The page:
Tonight was the most ridiculous night of work at my temp job. I've decided, finally, that there's gotta be a story in there somewhere. There has to be.
I've solved a dilemma that arose from watching the customers at my temp job. Children like hover around their parents at the register and when said parent is not looking, slip a brightly colored little item into the huge pile their parents are not watching. I can never really tell whether or not parents didn't see it or if they're just letting it slide, so I've started asking. I have yet to see a kid, though, whose eyes do not bulge when they come near the register, so I've started to figure out ways to not let my kids get that irritating that they are constantly pulling on my clothes to buy them something that will just make them even more energetic and disruptive. I think the clear solution is - never let them know what's inside those bright wrappers. Never eat candy in front of my kids, never give it to them straight from the package, keep it secret from them for until they can read the darn labels themselves. As long as they don't know what's in those little red and orange packages, they can't want them, right?
Wrote another thousand words today for Script Frenzy. I feel like I'm writing in circles, slowly building, but still rehashing the same themes, the same scenes. It's time to bump it up a notch. I'm going to give them a few more pages to let them play nice before I tear it all down. There needs to be more CONFLICT, gosh darn it.
I saw Four Weddings and a Funeral the other night. This movie is supposed to be like one of the classic Romantic Comedies, a gem in the genre.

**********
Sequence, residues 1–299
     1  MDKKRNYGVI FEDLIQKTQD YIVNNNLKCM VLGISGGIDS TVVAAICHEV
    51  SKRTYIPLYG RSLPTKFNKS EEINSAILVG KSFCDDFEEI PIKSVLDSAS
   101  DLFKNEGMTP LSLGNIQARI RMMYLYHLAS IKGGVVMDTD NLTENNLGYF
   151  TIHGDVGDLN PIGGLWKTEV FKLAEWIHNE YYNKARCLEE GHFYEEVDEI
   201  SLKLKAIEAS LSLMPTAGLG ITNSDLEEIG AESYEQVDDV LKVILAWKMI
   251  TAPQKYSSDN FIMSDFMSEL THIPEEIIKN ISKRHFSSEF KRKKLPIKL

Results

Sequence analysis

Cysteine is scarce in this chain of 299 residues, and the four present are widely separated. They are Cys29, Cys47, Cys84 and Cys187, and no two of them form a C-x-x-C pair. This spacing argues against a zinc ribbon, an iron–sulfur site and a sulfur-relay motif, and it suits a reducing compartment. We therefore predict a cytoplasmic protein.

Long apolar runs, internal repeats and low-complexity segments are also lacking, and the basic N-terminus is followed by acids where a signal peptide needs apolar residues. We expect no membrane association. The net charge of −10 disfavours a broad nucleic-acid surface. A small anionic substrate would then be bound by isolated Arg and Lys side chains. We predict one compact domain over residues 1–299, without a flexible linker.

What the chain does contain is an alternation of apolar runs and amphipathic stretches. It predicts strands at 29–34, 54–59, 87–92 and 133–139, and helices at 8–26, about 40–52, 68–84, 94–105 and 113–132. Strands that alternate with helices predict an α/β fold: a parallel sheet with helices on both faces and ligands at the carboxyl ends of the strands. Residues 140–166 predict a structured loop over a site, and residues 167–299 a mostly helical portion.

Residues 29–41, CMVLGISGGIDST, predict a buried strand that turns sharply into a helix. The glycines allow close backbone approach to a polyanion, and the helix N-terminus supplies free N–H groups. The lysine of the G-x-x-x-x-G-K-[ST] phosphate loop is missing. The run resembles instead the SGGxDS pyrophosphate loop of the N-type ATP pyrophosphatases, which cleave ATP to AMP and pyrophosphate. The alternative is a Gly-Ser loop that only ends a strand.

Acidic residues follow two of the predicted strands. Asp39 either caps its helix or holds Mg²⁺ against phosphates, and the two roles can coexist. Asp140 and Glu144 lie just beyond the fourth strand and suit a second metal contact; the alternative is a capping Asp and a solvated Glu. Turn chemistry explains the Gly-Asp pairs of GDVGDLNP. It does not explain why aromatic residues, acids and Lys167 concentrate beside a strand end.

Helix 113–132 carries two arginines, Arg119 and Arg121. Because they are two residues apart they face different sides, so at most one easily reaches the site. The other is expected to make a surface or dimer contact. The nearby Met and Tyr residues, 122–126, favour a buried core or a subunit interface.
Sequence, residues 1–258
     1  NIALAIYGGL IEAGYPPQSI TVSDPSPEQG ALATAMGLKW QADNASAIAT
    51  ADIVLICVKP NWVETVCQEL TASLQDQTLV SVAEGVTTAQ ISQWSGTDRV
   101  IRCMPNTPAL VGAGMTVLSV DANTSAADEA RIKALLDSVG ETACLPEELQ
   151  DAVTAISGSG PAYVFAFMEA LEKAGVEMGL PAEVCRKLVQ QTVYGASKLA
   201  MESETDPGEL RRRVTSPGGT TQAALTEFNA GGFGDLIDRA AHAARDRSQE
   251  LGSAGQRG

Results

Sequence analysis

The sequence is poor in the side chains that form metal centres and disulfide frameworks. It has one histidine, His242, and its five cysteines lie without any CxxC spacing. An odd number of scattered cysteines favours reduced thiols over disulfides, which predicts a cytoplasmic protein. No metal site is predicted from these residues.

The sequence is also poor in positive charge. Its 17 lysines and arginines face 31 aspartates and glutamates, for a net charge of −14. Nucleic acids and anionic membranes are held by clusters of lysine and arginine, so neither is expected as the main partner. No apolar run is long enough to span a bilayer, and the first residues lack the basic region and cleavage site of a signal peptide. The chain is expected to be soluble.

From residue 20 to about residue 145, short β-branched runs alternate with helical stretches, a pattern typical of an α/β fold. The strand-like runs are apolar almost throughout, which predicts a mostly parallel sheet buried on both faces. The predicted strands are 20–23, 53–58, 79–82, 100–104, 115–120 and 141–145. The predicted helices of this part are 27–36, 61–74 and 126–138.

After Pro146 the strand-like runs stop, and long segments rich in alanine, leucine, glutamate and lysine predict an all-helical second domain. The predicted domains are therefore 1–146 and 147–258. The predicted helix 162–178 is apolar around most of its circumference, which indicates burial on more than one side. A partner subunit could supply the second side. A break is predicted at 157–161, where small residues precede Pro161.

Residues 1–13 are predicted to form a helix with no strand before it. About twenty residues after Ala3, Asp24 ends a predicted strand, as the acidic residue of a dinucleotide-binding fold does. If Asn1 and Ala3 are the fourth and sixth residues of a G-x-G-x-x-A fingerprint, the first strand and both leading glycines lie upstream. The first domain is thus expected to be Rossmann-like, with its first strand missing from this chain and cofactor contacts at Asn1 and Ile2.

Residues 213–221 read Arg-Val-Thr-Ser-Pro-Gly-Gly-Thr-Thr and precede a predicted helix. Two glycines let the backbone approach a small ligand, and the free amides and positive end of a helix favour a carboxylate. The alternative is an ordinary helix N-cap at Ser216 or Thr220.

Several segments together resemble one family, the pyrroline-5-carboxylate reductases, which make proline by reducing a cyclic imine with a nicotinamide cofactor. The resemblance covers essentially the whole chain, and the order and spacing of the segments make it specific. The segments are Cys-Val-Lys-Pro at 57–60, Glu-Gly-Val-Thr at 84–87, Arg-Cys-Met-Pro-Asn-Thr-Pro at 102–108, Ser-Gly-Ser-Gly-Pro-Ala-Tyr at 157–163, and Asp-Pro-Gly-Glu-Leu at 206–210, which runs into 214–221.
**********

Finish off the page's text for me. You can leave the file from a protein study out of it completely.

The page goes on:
I really didn't like it.
Billy Mernit criticizes Elizabethtown for the fact that in a romantic comedy, you should be able to see the attraction between the two people, why they should be together, and he never understood why Kirsten Dunst fell for and chased after Orlando Bloom. Um, hello, gorgeous, need I say more? But anyway, I felt this was the very same problem in Four Weddings, even more so. Andie and Hugh don't have a real conversation on screen until after they've slept together for the second time. What? And can we talk about what a commitment-phobe Andie was? I may spend time dancing the line, but you can believe that the next time I commit, you won't find me flirting with an old fling at his wedding ceremony after separating from my husband of less than a year. This just disturbs me. Sure, there were a few cute quotes, and the friendship dynamics in the story were interesting, but the main romantic plot? Not interested. Did not find that relationship engaging or, well, sympathetic, really, at all! Still have Say Anything to watch, by the same writer/director so criticized by the honorable and wise Mr. Mernit (whose book I looked for and failed to find today), another gem of the genre, and one I would be watching now if it wasn't already pretty late...